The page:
COLUMBIA — Hickman High School’s prom has been moved from April 22 — Good Friday — to April 16. The switch comes in the wake of several complaints lodged with the school’s administration about the initial date of the prom.
Hickman Principal Tracey Conrad was limited in prom venue and date choices because of scheduling and budget limitations, she said in a previous Missourian article. Administrators chose MU's Memorial Union as the prom's venue because of the cost. The only available date was April 22.
But a cancellation at the Holiday Inn Executive Center, 2200 I-70 Drive S.W., allowed Hickman to make the switch to April 16, although rent at the venue is higher than at Memorial Union.
“When a Hickman alum said they would raise the difference, we were able to rent it for a different night,” she said.
Hickman was contacted Monday morning by an alumnus representing a group of Columbia residents who offered to raise the money for a venue change if the prom was rescheduled, according to a Columbia Public Schools news release. Hickman contacted the Holiday Inn Executive Center and was informed about the April 16 opening.
Ed Baker, the vice president of operations for the Holiday Inn Executive Center, was willing to underwrite a portion of the cost to make the venue more affordable for students, the release stated.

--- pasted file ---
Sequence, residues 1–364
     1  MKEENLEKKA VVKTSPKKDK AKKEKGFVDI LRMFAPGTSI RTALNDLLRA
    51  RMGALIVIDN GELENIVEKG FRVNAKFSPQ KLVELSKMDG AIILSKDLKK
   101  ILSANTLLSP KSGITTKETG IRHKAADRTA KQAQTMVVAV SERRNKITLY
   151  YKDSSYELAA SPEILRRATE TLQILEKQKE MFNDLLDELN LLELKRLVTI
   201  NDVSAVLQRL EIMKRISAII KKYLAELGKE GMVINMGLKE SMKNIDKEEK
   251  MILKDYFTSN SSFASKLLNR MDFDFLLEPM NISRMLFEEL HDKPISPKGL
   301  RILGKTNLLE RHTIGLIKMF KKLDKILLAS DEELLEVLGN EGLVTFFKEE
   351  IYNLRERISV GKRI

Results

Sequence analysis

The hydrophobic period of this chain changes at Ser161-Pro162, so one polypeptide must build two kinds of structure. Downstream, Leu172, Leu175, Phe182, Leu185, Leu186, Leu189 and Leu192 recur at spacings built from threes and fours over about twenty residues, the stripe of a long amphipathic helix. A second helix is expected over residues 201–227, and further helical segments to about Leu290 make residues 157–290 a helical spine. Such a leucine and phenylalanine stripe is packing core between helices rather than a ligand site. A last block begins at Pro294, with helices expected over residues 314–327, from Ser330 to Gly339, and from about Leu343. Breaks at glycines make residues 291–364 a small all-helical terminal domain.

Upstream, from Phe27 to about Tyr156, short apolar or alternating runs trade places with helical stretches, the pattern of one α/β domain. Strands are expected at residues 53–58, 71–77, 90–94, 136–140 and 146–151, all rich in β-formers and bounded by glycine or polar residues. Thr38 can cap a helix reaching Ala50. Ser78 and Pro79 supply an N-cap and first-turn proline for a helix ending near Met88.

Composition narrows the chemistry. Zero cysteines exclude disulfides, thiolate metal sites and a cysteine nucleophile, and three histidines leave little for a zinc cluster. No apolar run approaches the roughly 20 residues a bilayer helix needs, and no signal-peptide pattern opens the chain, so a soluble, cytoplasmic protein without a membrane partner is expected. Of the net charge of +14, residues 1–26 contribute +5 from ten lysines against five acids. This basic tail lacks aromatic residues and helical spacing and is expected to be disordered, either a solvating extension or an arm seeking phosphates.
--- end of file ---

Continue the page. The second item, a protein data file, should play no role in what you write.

Hickman alumnus Jeffrey Pauls wrote to Conrad in January, urging her to reconsider the date of the prom. Pauls said the date change relieves families that observe the Christian holy day from being put in an unfair position.
“I think the best part about it is that a lot of students and their families will not have to make this difficult choice or are not put in a position where they have to pit their faith and religious beliefs against an important milestone and event in their lives and their children's lives,” he said.
Pauls said he hopes Hickman administrators learned something from the situation and will act more quickly in the future.
"Maybe now, after hearing from enough people, hopefully they understood that was not a good decision initially," he said. "It didn’t keep in mind the students, which is, in the end, what the administration should be focused on."
Although no parents of current students complained about the prom’s previous date, Conrad said it was important to the school to work with the community on the issue.
“Obviously, it is a conflict in principle,” she said. “Most parents would allow their students to attend (on Good Friday), but if we can avoid conflict we’re going to do so.”